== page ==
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Epidemiology poster session 2: Population: Prisoners
P1-S2.71 Sexually transmitted infections in Mexico-City's penitentiary centers: the Ponte a Prueba: put yourself to the test “study”
  1. S Bautista1,
  2. A Fernández-Cerdeño1,
  3. L Juárez-Figueroa2,
  4. A González-Rodríguez2,
  5. J Sierra3,
  6. P Volkow4
  1. 1Instituto Nacional de Salud Pública, Cuernavaca, Mexico
  2. 2Mexico City Program for HIV/AIDS, Mexico
  3. 3Instituto Nacional de Nutrición y Ciencias Médicas Salvador Zubirán, Mexico
  4. 4Instituto Nacional de Cancerología, Mexico


Background Social and behavioural risk factors, as well as the conditions within penitentiary centers, place incarcerated people at high risk for infectious diseases. Few data exist for penitentiary health in Latin America and even fewer outside the context of small sample size studies, usually focused on a single one disease or infection. Our study aimed to probe Mexico City's inmates' health status and relevant, associated Behaviours with focus on HIV and other sexually transmitted infections (STI).

Methods A cross-sectional health survey was implemented in three penitentiary centers for male and two for female detainees, between May and September 2010. All inmates were offered voluntary HIV, Hepatitis C (HCV), Hepatitis B (HBV) and Syphilis tests, along with screening for metabolic disorders. Informed consent and usable blood samples were obtained from 78% of males (15 835/20 688) and 92% of females (1757/ 1914). A random sample of participants answered a risk-factor questionnaire. The institutional review board (IRB) at Mexico's National Institute of Public Health approved study methods. Data analysis was performed using SPSS 16.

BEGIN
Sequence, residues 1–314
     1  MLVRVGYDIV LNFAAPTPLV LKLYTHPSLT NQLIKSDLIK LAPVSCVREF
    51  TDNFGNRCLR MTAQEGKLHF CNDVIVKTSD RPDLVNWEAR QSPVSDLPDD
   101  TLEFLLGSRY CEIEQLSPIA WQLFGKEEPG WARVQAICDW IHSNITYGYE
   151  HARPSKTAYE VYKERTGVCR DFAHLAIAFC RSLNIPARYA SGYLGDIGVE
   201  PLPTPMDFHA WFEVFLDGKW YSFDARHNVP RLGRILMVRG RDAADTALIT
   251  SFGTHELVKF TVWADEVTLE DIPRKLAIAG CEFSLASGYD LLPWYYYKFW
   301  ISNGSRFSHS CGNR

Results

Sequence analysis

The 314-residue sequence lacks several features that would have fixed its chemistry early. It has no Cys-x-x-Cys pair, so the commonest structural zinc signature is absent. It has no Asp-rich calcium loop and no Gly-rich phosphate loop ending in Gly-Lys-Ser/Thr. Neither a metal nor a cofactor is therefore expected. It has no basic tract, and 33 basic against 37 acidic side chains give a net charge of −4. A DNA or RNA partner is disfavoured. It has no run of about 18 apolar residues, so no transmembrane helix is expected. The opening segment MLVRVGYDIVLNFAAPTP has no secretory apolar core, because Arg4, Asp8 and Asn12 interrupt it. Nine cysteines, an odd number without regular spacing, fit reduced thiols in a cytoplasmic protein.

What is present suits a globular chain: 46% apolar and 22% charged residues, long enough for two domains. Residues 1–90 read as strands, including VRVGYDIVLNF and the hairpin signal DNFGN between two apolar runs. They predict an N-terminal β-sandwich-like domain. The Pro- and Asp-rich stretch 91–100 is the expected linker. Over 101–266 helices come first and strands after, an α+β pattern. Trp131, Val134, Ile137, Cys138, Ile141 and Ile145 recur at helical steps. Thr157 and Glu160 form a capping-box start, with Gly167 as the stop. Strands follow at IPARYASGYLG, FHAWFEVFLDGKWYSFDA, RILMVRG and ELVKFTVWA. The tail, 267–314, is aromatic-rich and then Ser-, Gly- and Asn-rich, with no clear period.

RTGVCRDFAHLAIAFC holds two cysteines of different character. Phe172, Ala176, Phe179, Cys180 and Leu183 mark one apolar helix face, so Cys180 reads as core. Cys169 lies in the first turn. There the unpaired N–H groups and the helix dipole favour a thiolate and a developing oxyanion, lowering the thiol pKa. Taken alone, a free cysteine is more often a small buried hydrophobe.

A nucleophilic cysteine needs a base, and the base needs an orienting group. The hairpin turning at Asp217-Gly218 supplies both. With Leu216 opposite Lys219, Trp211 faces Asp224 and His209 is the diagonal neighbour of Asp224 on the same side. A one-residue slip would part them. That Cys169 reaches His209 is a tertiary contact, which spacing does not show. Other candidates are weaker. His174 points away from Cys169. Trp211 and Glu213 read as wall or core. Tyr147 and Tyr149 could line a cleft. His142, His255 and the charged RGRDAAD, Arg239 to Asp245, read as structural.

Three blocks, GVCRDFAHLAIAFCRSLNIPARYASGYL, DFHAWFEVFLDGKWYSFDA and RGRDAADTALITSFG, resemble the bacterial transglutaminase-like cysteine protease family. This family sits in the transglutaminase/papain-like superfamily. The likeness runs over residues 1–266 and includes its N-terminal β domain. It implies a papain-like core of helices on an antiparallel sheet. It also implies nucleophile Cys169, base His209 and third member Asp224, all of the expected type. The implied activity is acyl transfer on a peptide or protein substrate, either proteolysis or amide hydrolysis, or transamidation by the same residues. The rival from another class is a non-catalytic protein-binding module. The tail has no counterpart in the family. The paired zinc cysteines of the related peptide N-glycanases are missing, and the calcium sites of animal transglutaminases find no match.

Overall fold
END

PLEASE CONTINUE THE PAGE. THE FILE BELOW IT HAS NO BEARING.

Results HIV prevalence was 0.7%, irregardless of sex. For HCV, we found 3.3% and 2.7% for men and women, respectively. HBV antibodies were found in 3.0% of men (of which 5% had positive surface antigen (sAg+)) and 3.2% of women (of which 9% of had sAg+). Of men, 3.6% had antitreponemic antibodies for syphilis (half of these were untreated). Among women 8.8% ever had syphilis, just over a third of these (36%) untreated. Lifetime marijuana use was 48.7% and 29.6% for men and women, respectively; 38.44% and 27.4% ever used cocaine; 5.2% and 3.5% ever injected drugs; 2.2 and 1.1 ever used heroine; 32.9% of men and 25.7% of women reported sex in prison, 75% of both genders declared unprotected last coitus.

Conclusion Despite the challenges in penitentiary centers of middle-income countries, ethical testing for HIV and STIs proved feasible and acceptable. All diagnosed individuals are now receiving the follow-up or treatment they need. HIV and other STI rates were low compared with prisons in other countries but higher than the general population in Mexico. Our study provides baseline data which can be used to design and evaluate prevention strategies within the prison system.

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